From Pastor Emeritus:
‘Rise up in splendor, Jerusalem, the glory of the Lord shines upon you. Darkness covers the earth and thick clouds cover the peoples; but upon you the Lord shines, and over you appears his glory…’ These words of the prophet Isaiah from this Sunday’s Mass, might appear to have been realized as I browsed the strip in Las Vegas this week! I looked up at the soaring, glittering towers of ‘sin city,’ promising happiness to the tired and restless who come here. The promise, of course, is not for a happiness that is meant to last or run deep, even if you hit the jackpot!
The Magi story, less glamorous than the Vegas strip, suggests something more lasting in the form of a character contrast between Herod and Joseph. Herod the Great had put Jerusalem on the map and built a temple that was one of the wonders of the ancient world. A Hitler-like figure, Herod outfoxed his power-seeking rivals in the rough and tumble of Roman politics, and was crowned King of Judea. Like Pol Pot in Cambodia, Mao in China or Stalin in Russia, Herod was all about Herod and advancing his own political career. He was vain, ambitious and ruthless – a known child killer, having ordered the murders of three of his sons.
Joseph was less about Joseph and more about listening to God’s word and acting on it. Like his namesake of some thirteen hundred years earlier, God’s plan unfolded itself through him in dreams. Joseph listened to God, took his word seriously and accepted it. That’s how he came to be in Bethlehem with Mary and the child when the Magi showed up. Herod was ‘greatly troubled,’ his worst nightmare was happening when he heard about the events in Bethlehem. He put his spies to work, armed his soldiers and sent them out to massacre the children in hopes of eliminating this newborn rival to his throne.
Joseph, the listener to God’s word and servant of his family, unwittingly latched on to God’s outfoxing plan. God told him in a dream to take the child and its mother and go immediately to Egypt. He knew the route was infamous for its lurking bands of thieves and murderers. Joseph listened and did what God told him to do. After the death of Herod and those who sought the death of the child, Joseph was instructed to take the family out of Egypt and bring it to Nazareth. Again, mindful of the hazards, he did just that. Joseph, poor and lowly, unwittingly outwitted the powerful and much feared Herod. He was the instrument of God’s grace. In the biblical grand scheme of things, grace always outfoxes evil – in the end.
Isn’t the Magi story a metaphor of what happens in life? The political powers of our world, the latter-day Herods, too often espouse agendas that promote various kinds of death rather than life. I think the Magi story may be telling us that God is still busy outwitting the powers of darkness in our world. If God is doing this at all he must be doing it through effective ministries and through those people who are standing up for what is right and just and compassionate and human. God is working through people like Father Louis Vitale, those women and men who publicly speak God’s truth to the powers of darkness that rule the roost – and are often made to pay the world’s price.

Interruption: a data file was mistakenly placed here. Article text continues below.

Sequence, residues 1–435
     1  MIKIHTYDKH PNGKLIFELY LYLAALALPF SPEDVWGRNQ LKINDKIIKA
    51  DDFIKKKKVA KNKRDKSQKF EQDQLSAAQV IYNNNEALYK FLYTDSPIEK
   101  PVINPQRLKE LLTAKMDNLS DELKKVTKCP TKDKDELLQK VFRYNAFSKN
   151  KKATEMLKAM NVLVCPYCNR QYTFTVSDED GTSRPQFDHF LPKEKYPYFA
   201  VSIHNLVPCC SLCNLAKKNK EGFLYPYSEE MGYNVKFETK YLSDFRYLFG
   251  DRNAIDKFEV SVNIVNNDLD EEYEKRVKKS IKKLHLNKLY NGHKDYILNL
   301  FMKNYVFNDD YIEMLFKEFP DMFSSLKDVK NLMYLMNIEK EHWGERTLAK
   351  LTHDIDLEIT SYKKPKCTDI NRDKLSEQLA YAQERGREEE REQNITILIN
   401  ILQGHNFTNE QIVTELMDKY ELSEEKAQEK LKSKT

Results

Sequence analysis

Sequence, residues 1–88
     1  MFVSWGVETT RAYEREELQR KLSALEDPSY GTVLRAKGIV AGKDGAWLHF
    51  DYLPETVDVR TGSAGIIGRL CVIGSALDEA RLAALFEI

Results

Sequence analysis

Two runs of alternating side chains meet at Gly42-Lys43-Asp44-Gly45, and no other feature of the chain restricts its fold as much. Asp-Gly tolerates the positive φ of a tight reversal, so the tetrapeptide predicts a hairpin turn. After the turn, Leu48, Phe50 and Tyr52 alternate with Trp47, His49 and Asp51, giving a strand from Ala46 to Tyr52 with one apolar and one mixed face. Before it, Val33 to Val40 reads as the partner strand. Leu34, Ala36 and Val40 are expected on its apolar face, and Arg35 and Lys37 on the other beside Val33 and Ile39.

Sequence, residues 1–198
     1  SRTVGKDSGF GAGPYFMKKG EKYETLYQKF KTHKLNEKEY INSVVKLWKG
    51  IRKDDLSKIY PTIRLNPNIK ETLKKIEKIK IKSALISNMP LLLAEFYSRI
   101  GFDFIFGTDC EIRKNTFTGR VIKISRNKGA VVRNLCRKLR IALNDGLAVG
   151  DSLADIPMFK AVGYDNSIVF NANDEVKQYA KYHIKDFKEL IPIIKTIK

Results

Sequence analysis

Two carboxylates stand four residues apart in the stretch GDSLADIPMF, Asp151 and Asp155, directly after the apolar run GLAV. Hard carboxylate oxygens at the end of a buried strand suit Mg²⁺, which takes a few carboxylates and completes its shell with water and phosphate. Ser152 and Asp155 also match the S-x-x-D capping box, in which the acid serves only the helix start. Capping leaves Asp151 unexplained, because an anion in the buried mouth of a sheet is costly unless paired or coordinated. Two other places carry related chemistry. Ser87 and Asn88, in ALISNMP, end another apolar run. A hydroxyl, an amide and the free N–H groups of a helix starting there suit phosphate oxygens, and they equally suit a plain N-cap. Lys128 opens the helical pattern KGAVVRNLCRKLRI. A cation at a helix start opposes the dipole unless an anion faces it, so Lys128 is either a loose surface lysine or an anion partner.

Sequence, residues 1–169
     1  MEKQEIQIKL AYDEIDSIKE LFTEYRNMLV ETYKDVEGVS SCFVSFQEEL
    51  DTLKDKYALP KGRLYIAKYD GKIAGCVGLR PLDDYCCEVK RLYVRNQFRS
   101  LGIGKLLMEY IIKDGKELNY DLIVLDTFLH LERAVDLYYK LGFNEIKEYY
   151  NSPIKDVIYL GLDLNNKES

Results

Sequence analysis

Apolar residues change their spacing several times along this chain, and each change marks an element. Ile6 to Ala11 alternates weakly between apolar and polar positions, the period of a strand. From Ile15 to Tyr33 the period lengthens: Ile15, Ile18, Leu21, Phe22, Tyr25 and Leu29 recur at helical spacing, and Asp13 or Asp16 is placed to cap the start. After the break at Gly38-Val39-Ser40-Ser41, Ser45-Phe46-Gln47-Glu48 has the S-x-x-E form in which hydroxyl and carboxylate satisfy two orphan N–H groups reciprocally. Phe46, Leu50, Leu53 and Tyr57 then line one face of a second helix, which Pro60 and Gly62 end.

The Magi story is a story of hope. Hope is prophetic and not something soft and sentimental – ‘a thing of feathers’ as Emily Dickinson described it. Hope is creative, standing up in the midst of darkness, bleakness and chaos, and calling forth order. Hope sees beyond what can be seen, and imagines a more just, a more truly human and loving world. It doesn’t stop there; it demands that God bring that world about. It will come about through people like Joseph (and Fr. Louis) who heed God’s word and care for God’s family.
The restless crowds in Las Vegas this week and every week, are hoping against hope for a big win. Their hope lies in the spin, the dice, the lucky card… What many of them fail to notice is that the ‘repining restlessness’ in their hearts is one of God’s greatest gifts to them. British poet George Herbert, in his poem ‘The Pulley,’ tells of God’s plan to prevent man from mistaking God’s gifts for God Himself. Here’s the final stanza:
‘Yet let him keep the rest
But keep them with repining restlessness:
Let him be rich and weary, that, at least,
If goodness lead him not, yet weariness
May toss him to my breast.’